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Duke could owe tribe Oconaluftee dam profits

The Bureau of Indian Affairs is questioning whether Duke Power concealed the boundary of its hydropower operation on the Oconaluftee River to avoid sharing a portion of its profits with the Eastern Band of Cherokee Indians.

Under the Federal Power Act, a tribe is entitled to a portion of the profits from a hydropower project if part of the operation lies on tribal lands. According to a map belatedly provided by Duke Power last month, part of the Oconaluftee River hydropower operation in Ela appears to extend onto tribal lands.

Duke Power’s permit to operate the Oconaluftee dam is about to expire. Duke applied for a new permit three years ago, but failed to provide an adequate map of the operation at the time, despite being asked to do so by the Federal Energy Regulatory Commission.

Now, with the release of a map in June, the Bureau of Indian Affairs is questioning whether Duke purposely withheld maps in hopes of avoiding profit sharing with the tribe, according to a Bureau of Indian Affairs filing with the energy commission.

Duke denies that any portion of the Oconaluftee hydropower operation is on tribal lands. Duke Power has not yet filed a formal response to these claims, but Duke spokesperson Fred Alexander provided a written statement in response to questions for this article.

“According to the deeds, none of (Oconaluftee) Hydroelectric Project is on tribal lands,” Alexander wrote. “In 1924, the Tribe sold the land in question to the town of Bryson City, which built the project.”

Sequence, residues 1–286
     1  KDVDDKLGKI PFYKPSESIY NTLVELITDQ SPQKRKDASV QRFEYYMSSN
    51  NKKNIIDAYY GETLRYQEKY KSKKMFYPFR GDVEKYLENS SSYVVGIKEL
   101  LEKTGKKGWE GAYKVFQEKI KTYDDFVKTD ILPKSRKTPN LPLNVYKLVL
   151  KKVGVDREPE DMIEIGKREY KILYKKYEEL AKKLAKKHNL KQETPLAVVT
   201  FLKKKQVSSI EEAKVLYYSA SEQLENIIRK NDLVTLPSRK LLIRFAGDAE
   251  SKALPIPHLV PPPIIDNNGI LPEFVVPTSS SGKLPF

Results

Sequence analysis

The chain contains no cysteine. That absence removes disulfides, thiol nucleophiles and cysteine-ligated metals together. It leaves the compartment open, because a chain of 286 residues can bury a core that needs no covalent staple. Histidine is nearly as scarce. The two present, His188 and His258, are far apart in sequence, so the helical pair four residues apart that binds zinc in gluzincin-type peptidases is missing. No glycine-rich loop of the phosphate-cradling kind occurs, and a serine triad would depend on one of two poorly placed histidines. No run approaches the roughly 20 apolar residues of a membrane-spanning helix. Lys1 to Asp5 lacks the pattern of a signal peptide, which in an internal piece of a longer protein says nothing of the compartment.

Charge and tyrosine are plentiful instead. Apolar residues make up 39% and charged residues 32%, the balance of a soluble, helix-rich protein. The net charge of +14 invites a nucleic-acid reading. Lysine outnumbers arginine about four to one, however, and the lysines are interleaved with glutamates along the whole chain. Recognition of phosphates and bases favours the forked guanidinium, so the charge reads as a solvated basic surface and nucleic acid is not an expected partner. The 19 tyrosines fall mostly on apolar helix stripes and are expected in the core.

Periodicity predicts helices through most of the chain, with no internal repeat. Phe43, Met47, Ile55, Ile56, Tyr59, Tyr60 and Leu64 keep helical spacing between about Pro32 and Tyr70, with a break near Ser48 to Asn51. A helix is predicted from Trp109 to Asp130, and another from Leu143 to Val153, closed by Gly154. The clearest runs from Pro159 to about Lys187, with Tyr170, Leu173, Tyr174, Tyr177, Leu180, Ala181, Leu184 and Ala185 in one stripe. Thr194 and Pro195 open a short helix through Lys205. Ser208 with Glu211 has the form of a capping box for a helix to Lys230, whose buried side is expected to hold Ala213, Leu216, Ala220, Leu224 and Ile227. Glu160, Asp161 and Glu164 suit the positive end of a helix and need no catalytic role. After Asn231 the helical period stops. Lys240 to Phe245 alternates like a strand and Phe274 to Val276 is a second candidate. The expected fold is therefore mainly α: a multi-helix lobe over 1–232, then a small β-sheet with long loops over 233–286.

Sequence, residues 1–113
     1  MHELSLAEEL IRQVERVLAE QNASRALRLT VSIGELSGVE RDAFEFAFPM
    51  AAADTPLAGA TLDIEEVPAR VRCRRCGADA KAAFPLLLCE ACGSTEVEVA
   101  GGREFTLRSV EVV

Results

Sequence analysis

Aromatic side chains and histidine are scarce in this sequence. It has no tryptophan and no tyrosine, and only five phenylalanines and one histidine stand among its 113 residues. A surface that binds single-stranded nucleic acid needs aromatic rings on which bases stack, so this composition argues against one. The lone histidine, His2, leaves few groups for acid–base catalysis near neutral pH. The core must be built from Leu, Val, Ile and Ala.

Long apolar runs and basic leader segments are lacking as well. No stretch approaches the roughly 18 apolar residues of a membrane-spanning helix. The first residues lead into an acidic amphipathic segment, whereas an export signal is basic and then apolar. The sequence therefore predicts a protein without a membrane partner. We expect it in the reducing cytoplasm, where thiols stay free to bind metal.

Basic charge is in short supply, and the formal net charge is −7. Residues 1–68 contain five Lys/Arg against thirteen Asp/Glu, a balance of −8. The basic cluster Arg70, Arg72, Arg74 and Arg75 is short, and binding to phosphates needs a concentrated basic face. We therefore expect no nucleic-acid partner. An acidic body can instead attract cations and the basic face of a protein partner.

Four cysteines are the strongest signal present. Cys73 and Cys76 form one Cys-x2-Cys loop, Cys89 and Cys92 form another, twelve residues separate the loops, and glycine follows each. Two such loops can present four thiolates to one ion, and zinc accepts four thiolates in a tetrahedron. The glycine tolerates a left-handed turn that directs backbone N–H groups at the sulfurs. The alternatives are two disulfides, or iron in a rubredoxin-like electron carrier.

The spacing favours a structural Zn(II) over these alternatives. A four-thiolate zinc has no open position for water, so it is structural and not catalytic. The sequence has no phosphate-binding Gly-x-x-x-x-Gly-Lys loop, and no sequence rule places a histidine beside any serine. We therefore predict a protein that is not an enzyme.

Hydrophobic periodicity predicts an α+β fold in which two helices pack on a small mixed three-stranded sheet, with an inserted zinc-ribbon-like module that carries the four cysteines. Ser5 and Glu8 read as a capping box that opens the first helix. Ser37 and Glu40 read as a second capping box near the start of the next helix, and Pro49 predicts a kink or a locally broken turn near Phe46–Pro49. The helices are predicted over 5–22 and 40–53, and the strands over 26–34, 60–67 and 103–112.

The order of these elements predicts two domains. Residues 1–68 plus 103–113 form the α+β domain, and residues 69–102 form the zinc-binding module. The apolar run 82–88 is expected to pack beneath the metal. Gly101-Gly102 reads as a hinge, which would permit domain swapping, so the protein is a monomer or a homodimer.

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Duke’s own map filed with the energy commission shows the boundary of the hydropower operation extending well onto the reservation, however. While the town of Bryson City indeed bought land to build the dam and powerhouse, the boundary of the hydropower operation extends beyond that footprint, explained Mark Cantrell with the U.S. Fish and Wildlife Service. The boundary of the hydropower operation includes territory upstream that could potentially be flooded in high-water conditions, Cantrell said.

“No documentation of easement or flooding rights has been provided,” according to a Bureau of Indian Affairs filing with the federal energy commission, calling the “potential for inundation of tribal lands significant.”

This is the latest twist in an on-going controversy over Duke Power’s hydropower operations in the region. Duke’s permits to operate 11 dams in the region are about to expire. To get new permits, Duke is required to compensate the public for its use of the rivers and impact of the dams on the environment.

Duke wants to tear down the aging Dillsboro dam to mitigate for its other 10 dams. Duke has also agreed to release water on a regular schedule for kayakers and rafters on the Tuckasegee and Nantahala rivers.